Let's explore that a little bit.
New York has not always been New York. Neither has New Jersey always been New Jersey. Before there was New York City there was Nieuw Amsterdam. Before there was New York state there was Nieuw-Nederland. Before there was New Jersey there was Nya Sverige (New Sweden). Present-day Wilmington, Delaware, was originally called Fort Cristina after Cristina, Queen of the Swedes, Goths and Wends, Grand Princess of Finland, and Duchess of Estonia, Livonia and Karelia, Bremen-Verden, Stettin, Pomerania, Cassubia and Vandalia, Princess of Rugia, Lady of Ingria and of Wismar, the only surviving legitimate child of King Gustav II Adolph and his wife Maria Eleonora of Brandenburg. You read it here first. Don't believe me? Here's proof:
(Map used in accordance with the provisions of CC BY-SA 3.0)
By 1680 the English had replaced the Swedes and the Dutch. By 1763 the English had replaced the French as well, except in a couple of places like Quebec and Louisiana. Today there are hints of England all over the place in America.
Pennsylvania has York and Lancaster. Connecticut has Hartford and New London. Massachusetts has Boston and Plymouth and Cambridge. Don't forget New Hampshire, which has Manchester. Six states are known collectively as New England.
I'm not through.
In Florida, which once belonged to Spain, the street my wife's parents lived on crossed both Northumberland and Westmoreland. Several states have a Mansfield (Ohio, Pennsylvania, Georgia, and Massachusetts do) but the one I grew up in -- Mansfield, Texas -- was not named after the Mansfield in England. No. It was named after two men, R.S. Man and Julian Feild (yes, spelled that way, F-E-I-L-D), who built and operated a grist mill around which the town grew. Eventually the locals grew tired of correcting other people's misspelling and apparently just said, "Whatever." But my Texas Mansfield is definitely not named after Mansfield, England.
What America is definitely full of (don't be making up your own post) is Native American names. From Narragansett in Rhode Island to Appalachicola in Florida to Chillicothe in Ohio to Tonawanda in New York to Tuscaloosa in Alabama to Chattahoochee here in Georgia, one encounters them everywhere. There's Walla Walla in Washington, and Mishawaka in Indiana, and Manitowoc in Wisconsin, and we must not forget Pottawattamie County in Iowa, where the county seat, Council Bluffs, was so named because a council took place on some nearby bluffs in 1804 between the members of the Lewis and Clark Expedition and -- wait for it -- some Native Americans. But one cannot assume that an unusual-sounding, multisyllabic name is Native American. Ypsilanti in Michigan, for example, honors Demetrios Ypsilantis, a Greek hero in Greece's War for Independence in the 1820s.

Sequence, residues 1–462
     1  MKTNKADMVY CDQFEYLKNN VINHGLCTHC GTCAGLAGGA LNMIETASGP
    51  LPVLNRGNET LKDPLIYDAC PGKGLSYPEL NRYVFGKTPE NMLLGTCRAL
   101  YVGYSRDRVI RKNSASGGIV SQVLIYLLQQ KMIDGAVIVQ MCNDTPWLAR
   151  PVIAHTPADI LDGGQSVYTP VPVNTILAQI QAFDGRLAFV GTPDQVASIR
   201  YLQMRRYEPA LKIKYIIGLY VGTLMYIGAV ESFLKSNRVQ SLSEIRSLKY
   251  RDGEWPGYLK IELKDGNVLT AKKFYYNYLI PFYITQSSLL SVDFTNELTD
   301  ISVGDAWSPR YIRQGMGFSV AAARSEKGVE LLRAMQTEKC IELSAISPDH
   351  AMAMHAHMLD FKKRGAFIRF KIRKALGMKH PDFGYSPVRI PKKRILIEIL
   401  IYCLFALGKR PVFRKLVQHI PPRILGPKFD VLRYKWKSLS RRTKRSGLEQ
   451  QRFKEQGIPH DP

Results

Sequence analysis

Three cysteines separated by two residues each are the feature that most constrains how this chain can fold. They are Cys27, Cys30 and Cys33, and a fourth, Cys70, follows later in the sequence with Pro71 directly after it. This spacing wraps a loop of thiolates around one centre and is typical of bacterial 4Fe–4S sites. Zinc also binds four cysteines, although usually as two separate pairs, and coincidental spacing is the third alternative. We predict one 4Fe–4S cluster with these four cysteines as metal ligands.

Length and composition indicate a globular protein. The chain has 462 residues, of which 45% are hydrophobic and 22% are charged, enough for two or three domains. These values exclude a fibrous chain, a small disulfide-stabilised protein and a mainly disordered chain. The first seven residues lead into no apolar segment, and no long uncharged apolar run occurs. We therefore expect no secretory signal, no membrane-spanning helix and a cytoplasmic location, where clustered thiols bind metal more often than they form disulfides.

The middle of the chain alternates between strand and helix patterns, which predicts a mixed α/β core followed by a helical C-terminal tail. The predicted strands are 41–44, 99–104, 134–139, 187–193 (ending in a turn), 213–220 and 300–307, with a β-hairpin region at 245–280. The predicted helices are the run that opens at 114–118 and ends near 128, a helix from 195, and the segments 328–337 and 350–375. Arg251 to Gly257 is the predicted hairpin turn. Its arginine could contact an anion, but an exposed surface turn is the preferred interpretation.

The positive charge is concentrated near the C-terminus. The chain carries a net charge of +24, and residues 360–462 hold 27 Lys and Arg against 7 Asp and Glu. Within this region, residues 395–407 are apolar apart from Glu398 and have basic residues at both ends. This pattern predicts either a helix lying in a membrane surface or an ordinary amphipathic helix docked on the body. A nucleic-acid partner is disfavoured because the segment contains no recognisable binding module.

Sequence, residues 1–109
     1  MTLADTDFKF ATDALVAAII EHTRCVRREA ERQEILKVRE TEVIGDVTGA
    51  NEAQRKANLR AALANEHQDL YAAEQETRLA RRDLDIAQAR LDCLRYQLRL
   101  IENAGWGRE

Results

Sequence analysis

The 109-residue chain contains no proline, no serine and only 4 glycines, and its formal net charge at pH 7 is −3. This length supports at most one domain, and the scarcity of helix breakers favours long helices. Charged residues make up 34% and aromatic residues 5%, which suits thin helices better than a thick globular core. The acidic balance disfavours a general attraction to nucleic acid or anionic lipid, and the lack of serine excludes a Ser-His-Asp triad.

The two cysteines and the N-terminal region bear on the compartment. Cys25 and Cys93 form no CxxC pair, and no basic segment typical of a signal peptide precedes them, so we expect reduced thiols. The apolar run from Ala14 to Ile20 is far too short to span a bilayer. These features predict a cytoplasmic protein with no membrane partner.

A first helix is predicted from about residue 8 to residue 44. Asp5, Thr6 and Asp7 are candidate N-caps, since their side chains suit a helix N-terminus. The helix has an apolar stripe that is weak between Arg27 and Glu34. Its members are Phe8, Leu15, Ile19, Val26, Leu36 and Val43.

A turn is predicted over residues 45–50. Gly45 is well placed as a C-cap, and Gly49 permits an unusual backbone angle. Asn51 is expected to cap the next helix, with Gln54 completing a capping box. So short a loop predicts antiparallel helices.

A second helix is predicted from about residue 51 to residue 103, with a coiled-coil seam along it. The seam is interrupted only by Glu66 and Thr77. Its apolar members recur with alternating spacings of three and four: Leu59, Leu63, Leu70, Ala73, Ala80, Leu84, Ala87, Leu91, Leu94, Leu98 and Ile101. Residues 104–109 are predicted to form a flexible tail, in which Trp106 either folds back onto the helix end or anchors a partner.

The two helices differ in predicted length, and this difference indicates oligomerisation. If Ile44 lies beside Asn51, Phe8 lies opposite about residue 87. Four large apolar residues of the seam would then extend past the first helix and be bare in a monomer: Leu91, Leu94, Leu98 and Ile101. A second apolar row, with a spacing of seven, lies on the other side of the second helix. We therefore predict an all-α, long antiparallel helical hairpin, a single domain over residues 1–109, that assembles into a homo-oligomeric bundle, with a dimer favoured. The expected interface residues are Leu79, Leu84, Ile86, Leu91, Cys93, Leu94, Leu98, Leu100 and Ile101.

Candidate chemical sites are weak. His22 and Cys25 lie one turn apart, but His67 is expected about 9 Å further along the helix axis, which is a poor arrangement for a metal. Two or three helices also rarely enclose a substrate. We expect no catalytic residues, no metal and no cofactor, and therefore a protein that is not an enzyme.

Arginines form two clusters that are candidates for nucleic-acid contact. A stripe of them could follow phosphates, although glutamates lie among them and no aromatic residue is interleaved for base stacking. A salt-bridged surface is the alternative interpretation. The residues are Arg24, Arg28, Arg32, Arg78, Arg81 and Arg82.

Atlanta had a couple of other names in its early years, Terminus and Marthasville.
"My kind of town Chicago is," sang Frank Sinatra, managing to sound like Yoda while cleverly avoiding the fact that "Chicago" is derived from a French rendering of the Miami-Illinois word shikaakwa to denote a particular botanical. According to Wikipedia, the first known reference to the site of the current city of Chicago as "Checagou" was by explorer Robert de LaSalle around 1679 in a memoir, and Henri Joutel, in his journal of 1688, noted that the wild garlic, called "chicagoua", grew abundantly in the area. "My kind of town, Wild Garlic is" just doesn't have the same pizzazz.
You want Dutch names? Fishkill and Peekskill and Saugerties in New York, Schuylkill in Pennsylvania. You want Spanish names? We have
I am also detecting that this post is getting a bit long in the tooth without any discernible purpose, so for now, let me just say, "Toodles."
[Note to Loyal Readers Who Made It This Far: I won't be blogging for a few days as Mrs. RWP is having surgery on her second eye tomorrow and I will be concentrating on being a good caregiver. --RWP]